Unlike food being traditionally associated with the matriarch of the house, the food industry has largely struggled to be an equal opportunity space. Most celebrity chefs and bakers happen to give the impression of food entrepreneurs having an unofficial boys-only club. But the past decade has seen a shift in that trend. Priyasha opines, “In recent years, there has been a noticeable shift in the food industry with more women breaking barriers and making significant strides as chefs, bakers, and food entrepreneurs. Women have started to demand and create spaces in various aspects of the food industry. Women are exploring and showcasing a wide range of culinary styles, reflecting diversity in their approach to cooking. This includes embracing and popularising regional and international cuisines that may have been underrepresented.”

She goes on to brag (a well-deserved one at that!) that many women in the food industry are leading the way in promoting healthy and sustainable eating habits. There's a growing demand for nutritious and plant-based options, and women entrepreneurs are catering to this trend by creating innovative and health-conscious food products. Talking about her own experiences, she confesses, “I have been given equal opportunities in my household and even more I would say when compared to my brother. Women have already been in the cooking/baking industry since ages. There are various female chefs and bakers who are famous. I think it’s just a segment of people who have this opinion that only males are leading the industry because of some old TV shows.”

From amaranth and almond cakes to flourless almond butter cookies, The Cinnamon Kitchen redefines healthy desserts, catering to diverse dietary needs. Talking about the USP of her recipes, Priyasha explains what makes her food PCOS-friendly. “PCOS is a hormonal disorder that can be influenced by diet and lifestyle factors. I make sure the ingredients used in a particular recipe sit well with each other. I always aim for a well-balanced distribution of macronutrients, including carbohydrates, proteins, and healthy fats. This can help manage blood sugar levels and provide sustained energy throughout the day. At The Cinnamon Kitchen we choose complex carbohydrates with a low glycemic index (GI) to help regulate blood sugar levels. We choose sources of healthy fats, including nuts, seeds, and olive oil in our products. These fats can support hormone regulation and overall health. Some individuals with PCOS may choose to moderate dairy intake, hence our entire range is vegan! The portion sizes of our products are also well calculated as mindful eating plays an important role in maintaining the disorder.”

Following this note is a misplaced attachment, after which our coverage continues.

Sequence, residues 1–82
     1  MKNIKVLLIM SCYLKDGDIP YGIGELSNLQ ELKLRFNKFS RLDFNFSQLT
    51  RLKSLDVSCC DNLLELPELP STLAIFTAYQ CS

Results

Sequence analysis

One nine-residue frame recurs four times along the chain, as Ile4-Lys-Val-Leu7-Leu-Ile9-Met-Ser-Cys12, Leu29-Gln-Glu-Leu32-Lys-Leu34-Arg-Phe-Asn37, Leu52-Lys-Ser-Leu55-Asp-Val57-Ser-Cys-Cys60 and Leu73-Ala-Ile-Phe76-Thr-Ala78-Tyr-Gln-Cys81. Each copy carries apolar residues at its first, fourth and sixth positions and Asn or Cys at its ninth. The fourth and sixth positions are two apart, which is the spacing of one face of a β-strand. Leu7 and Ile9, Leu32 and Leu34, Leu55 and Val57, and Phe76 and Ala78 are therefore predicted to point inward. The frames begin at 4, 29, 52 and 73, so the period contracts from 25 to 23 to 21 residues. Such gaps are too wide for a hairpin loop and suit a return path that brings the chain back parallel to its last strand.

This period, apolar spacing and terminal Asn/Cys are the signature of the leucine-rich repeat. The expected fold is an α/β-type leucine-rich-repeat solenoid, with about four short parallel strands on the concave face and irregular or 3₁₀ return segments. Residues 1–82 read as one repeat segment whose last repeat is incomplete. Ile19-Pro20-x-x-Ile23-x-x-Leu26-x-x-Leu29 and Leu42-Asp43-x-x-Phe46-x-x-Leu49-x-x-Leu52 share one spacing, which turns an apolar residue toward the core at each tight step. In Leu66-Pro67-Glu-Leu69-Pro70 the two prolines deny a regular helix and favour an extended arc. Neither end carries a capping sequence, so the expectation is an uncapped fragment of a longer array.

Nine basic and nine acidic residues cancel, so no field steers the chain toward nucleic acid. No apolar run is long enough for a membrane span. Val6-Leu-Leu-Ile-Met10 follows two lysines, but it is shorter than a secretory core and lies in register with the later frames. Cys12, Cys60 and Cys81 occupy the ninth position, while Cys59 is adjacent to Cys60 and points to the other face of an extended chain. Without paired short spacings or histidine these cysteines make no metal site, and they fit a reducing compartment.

Priyasha's dedication to clean eating goes beyond just sourcing the right ingredients for her food. Sustainability also takes center stage, with plastic-free, bioplastic, and zero-waste practices in kitchen operations and packaging. The brand's commitment extends to reusable hampers, offering cashback incentives for returns. And beyond the kitchen, Priyasha shares her expertise through baking and cooking classes, influencing over 1,500 students. Her Instagram serves as an addictive scroll for delectable recipes, showcasing a brand that seamlessly blends passion, health, and sustainability. 

Priyasha's business doesn't exist in a silo. She likes to go out and talk to people about her passion, which in turn helps her business grow as well. She reveals, “I didn’t face many challenges when it came to promoting PCOS-friendly foods as I was sharing my journey via my Instagram handle and had already built a community for the same. So, I already had my customers with me from the beginning.” But it's the Indian market we're talking about where women's health is rarely talked about and largely ignited (still!). Priyasha elaborates on this by saying, “The lack of education and awareness about PCOS can be a significant hurdle, particularly in the Indian landscape. PCOS is often associated with menstrual irregularities, acne, and weight gain, which may be stigmatised or considered taboo topics in some cultural contexts. This can lead to a reluctance to discuss symptoms openly, hindering awareness efforts.”

So how does Priyasha ensure she stays ahead of the curve for her business and the people it touches? “I am an avid reader. I read books and articles that help me stay updated with the evolving nutritional needs and preferences of individuals with PCOS. We promote healthy eating. All our products have one or the other nutritional value added to it. We raise awareness while doing business via being transparent to our consumers about the ingredients that we use,” she concludes.

Photo: Priyasha Saluja